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In a rare Congressional compromise, student loan bill hits Obama’s desk

At a time when compromise appeared impossible in a gridlocked Congress, a bipartisan deal on the student loan program somehow emerged from Capitol Hill and is set for signing Friday by President Barack Obama. The compromise, which will save college students who borrow money for get an education thousands of dollars in interest charges, on Obama desks a signing deal. The legislation emerged from an often gridlocked Congress just before the August recess and will result in lower interest rates for some 11 million students  just before they start in Congress this fall. Rates on new subsidized Stafford loans doubled
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Ryan, Cantor appear secretly at Koch gathering in New Mexico

Charles and David Koch, the ultra conservative energy brothers who already control the Republican Party and want to control the nation as well, brought in the usual suspects to deliver the standard right-wing lines to their following of rich conservatives who gathered covertly just outside Albuquerque, New Mexico last weekend. Among those who spoke and laid out plans for the upcoming mid-term elections next year and the Presidential contest in 2016 were tea party puppets like House Majority Leader Eric Cantor of Virginia and failed vice presidential candidate Paul Ryan of Wisconsin. What details did they provide to the right-wing
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Pentagon revising same sex benefits

The Pentagon is poised to extend health care, housing and other benefits to the same-sex spouses of military members by the end of August, but may reverse earlier plans to provide benefits to gay partners who are not married. According to a draft Defense Department memo obtained Wednesday by The Associated Press, the department instead may provide up to 10 days of leave to military personnel in same-sex relationships so they can travel to states where they can marry legally. While no final decisions have been made, the memo from Defense Secretary Chuck Hagel to top defense leaders would reverse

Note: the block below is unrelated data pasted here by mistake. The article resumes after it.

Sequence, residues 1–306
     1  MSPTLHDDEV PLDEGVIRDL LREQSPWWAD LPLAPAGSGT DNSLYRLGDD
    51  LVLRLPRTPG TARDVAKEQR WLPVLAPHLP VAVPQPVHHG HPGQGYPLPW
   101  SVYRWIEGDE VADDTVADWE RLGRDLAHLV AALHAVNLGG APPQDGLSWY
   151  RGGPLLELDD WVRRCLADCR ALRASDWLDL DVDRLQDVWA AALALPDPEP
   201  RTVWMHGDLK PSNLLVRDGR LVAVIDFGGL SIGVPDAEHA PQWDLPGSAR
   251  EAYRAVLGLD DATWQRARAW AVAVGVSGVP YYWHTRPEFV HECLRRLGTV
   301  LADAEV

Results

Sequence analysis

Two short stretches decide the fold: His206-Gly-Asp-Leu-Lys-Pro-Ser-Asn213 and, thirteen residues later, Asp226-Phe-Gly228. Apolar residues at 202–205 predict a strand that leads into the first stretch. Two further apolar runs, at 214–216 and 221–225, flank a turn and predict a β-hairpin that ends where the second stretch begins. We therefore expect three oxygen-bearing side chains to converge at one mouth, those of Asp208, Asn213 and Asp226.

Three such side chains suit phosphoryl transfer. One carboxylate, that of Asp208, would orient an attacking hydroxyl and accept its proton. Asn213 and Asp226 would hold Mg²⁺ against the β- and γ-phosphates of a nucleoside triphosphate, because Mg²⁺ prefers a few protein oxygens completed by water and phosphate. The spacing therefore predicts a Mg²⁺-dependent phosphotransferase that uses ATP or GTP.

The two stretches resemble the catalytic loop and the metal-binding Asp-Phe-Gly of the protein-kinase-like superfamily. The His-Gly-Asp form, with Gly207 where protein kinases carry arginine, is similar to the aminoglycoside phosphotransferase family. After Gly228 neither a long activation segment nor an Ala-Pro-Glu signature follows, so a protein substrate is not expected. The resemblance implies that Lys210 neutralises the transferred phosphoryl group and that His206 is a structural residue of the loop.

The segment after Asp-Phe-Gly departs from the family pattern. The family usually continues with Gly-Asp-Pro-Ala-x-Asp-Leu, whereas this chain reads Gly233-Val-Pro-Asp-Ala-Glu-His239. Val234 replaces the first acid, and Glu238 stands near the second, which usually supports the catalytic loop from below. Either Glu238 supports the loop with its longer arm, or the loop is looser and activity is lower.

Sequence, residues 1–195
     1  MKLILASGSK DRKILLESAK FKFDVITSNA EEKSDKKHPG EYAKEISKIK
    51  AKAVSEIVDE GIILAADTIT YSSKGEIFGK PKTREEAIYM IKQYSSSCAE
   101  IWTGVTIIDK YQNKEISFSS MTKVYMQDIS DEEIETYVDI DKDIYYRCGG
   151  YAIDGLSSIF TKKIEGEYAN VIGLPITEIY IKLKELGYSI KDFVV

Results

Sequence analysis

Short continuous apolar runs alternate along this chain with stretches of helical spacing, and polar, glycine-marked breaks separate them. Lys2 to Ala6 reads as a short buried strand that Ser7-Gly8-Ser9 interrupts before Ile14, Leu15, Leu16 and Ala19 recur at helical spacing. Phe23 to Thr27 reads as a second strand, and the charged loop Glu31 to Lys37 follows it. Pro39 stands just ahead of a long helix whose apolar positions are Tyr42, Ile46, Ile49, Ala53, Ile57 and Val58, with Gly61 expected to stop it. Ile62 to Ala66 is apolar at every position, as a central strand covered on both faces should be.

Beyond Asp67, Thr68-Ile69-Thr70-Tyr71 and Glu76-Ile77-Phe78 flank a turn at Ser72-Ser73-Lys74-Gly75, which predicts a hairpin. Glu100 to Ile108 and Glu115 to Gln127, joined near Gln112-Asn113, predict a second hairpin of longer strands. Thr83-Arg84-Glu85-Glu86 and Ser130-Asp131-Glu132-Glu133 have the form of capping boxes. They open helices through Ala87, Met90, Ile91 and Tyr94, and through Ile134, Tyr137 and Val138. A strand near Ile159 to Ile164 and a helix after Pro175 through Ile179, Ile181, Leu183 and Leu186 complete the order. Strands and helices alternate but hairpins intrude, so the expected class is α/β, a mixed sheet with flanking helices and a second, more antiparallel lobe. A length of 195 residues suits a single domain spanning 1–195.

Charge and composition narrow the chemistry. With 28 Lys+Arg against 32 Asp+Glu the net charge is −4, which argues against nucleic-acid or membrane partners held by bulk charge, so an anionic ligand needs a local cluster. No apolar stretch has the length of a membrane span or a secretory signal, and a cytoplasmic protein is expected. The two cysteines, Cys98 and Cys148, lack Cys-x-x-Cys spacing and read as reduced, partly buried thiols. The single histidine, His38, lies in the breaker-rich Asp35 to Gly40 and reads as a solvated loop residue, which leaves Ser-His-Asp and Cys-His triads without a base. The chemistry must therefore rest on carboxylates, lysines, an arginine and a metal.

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IRS manual revealed how to doctor facts

Details of a U.S. Drug Enforcement Administration program that feeds tips to federal agents and then instructs them to alter the investigative trail were published in a manual used by agents of the Internal Revenue Service for two years. The practice of recreating the investigative trail, highly criticized by former prosecutors and defense lawyers after Reuters reported it this week, is now under review by the Justice Department. Two high-profile Republicans have also raised questions about the procedure. A 350-word entry in the Internal Revenue Manual instructed agents of the U.S. tax agency to omit any reference to tips supplied
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Al-Qaida remains a major terrorist threat to America

Far from being on the brink of collapse, al-Qaida‘s core leadership remains a potent threat — and one that experts say has encouraged the terror network’s spread into more countries today than it was operating in immediately after 9/11. President Barack Obama, who ordered the May 2011 raid that killed Osama bin Laden, has described al-Qaida’s headquarters as “a shadow of its former self” and his spokesman Jay Carney has called it “severely diminished” and “decimated.” The bravado, however, didn’t match the Obama administration’s action this week. Nineteen U.S. diplomatic outposts stretching across the Eastern Hemisphere remain closed, and nonessential